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In Gurgaon,rape by cabbie raises safety issue,again

The rape of a 40-year-old household help near Gurgaon’s Rajiv Chowk on Friday morning,allegedly by a call centre cab driver,has driven home the security threat often posed to the Millennium City by these drivers.

Written by Tanushree Roy Chowdhury | Gurgaon |
January 11, 2009 1:06:25 am

The rape of a 40-year-old household help near Gurgaon’s Rajiv Chowk on Friday morning,allegedly by a call centre cab driver,has driven home the security threat often posed to the Millennium City by these drivers.

Though the Gurgaon police have arrested the 30-year-old accused and impounded the car,police officials admit that it is almost impossible to keep a tab on the scores of cabbies plying in the city,mainly due to a gross shortage of personnel in the police department. “The lack of public transport within Gurgaon is the main reason why people risk safety and hitch a lift from these cabbies,” a senior officer explained.

While there are many criminal cases reported against these drivers,the officer also pointed out that the reverse is also true. “At times,these drivers are at the receiving end; many have lost their lives in the temptation of earning some extra money,” the officer said.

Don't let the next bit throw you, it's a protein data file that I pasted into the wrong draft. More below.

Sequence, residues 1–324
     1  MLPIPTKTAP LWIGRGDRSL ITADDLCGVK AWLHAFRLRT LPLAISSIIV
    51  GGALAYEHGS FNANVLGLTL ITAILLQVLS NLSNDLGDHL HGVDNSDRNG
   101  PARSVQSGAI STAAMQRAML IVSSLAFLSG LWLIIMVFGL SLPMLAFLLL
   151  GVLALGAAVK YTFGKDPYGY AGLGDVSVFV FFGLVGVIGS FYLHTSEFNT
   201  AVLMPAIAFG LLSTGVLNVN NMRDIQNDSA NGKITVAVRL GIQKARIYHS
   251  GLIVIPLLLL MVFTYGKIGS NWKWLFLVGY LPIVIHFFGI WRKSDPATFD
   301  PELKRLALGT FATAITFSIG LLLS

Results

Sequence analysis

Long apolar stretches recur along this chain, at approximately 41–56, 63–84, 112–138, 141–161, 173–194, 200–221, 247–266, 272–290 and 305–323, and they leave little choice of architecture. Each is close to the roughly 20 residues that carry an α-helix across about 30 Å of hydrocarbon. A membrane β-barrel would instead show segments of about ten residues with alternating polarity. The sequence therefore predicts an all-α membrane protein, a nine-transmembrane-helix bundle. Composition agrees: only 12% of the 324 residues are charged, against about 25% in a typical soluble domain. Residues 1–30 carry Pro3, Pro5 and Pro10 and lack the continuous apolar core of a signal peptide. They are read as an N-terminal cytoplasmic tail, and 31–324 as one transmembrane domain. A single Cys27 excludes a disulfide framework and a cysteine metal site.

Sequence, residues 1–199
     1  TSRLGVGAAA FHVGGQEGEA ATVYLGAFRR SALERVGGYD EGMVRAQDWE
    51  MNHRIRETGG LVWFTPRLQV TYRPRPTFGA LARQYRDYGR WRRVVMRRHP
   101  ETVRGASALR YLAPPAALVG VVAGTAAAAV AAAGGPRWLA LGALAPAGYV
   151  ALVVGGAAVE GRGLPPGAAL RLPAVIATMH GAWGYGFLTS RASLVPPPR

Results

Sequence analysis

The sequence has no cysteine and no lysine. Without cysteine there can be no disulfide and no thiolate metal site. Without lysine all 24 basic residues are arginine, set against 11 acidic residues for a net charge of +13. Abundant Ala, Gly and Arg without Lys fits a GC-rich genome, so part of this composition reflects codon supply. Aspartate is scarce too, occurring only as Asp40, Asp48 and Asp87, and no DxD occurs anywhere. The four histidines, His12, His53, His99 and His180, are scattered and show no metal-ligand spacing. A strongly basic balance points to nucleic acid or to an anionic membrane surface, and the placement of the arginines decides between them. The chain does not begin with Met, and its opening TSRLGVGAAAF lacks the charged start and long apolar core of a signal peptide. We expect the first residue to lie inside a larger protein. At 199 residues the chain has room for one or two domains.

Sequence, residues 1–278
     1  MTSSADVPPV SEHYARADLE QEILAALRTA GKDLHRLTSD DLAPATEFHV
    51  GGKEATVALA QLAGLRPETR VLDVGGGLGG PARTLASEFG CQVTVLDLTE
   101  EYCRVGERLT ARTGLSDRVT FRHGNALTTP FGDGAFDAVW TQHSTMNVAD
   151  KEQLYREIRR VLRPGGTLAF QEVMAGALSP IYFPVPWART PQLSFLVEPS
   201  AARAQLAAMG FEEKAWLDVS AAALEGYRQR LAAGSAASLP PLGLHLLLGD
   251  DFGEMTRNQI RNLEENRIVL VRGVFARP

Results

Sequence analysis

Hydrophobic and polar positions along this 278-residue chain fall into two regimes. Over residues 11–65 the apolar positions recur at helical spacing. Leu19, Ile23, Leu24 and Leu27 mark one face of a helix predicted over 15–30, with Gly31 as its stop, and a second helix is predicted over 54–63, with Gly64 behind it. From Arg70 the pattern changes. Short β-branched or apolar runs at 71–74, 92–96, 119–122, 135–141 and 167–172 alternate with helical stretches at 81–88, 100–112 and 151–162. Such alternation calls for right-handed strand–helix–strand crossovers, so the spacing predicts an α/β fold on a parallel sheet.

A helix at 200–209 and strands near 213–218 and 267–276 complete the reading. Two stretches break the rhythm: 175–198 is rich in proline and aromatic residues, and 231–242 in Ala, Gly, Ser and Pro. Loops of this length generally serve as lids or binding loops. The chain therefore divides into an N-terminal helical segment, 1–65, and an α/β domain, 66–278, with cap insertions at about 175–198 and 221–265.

There is no legislation governing the maximum hours put in by drivers manning vehicles for the many BPO and IT sector units operating from out of the city. But transport companies said most of them regulate their drivers by logging them off after a daily average of 12 or 14 hours of work. “Drivers are responsible for managing their own fatigue,”’ said S P Meena of Global Travels,which hire out cars to call centres. “Our drivers work for eight hours on an average day and drive on fixed routes.

“But it does happen that they are tempted to earn a few extra bucks if the vehicle is returning empty after dropping off employees.”

Drivers,on the other hand,said they are forced to ferry unknown passengers at odd hours after their shifts since their fixed salaries are not enough. “It is a profession where we spend long hours waiting for customers,” a cab driver,Manoj Sharma,said. “Fatigue is not really an issue — we are here in the city to earn money for our families,and a salary of a mere Rs 7,000 is not sufficient.”

Though the police and transport companies regularly check these drivers and issue challans to defaulters,the police say the lack of adequate number of drivers is a major reason why most defaulters find alternative employments aplenty. “We have suggested to the BPOs and cab companies that they form a central database where all drivers will have to register,” the police officer said. “The database can maintain a list of challans issued to each driver in that pool and we are ready to coordinate to ensure that it acts as a deterrent.”

Most drivers,the officer said,“conveniently submit the car’s papers” when issued a challan slip for violating rules — “then the onus falls on the owners to get the vehicle released.

But Pramela Kundaliya,owner of SK Travels,said rather than the police it is the transport companies that conduct most of the security-related checks. “Police verification is a mere formality,which they (cops) do once they are paid Rs 100. But we check all records,verify why a driver left his previous employer and such background checks,” Kundaliya said. “We also check the car papers daily. If found giving lift to passengers,we issue warning to our drivers and if found repeating the mistake,we terminate their services.”

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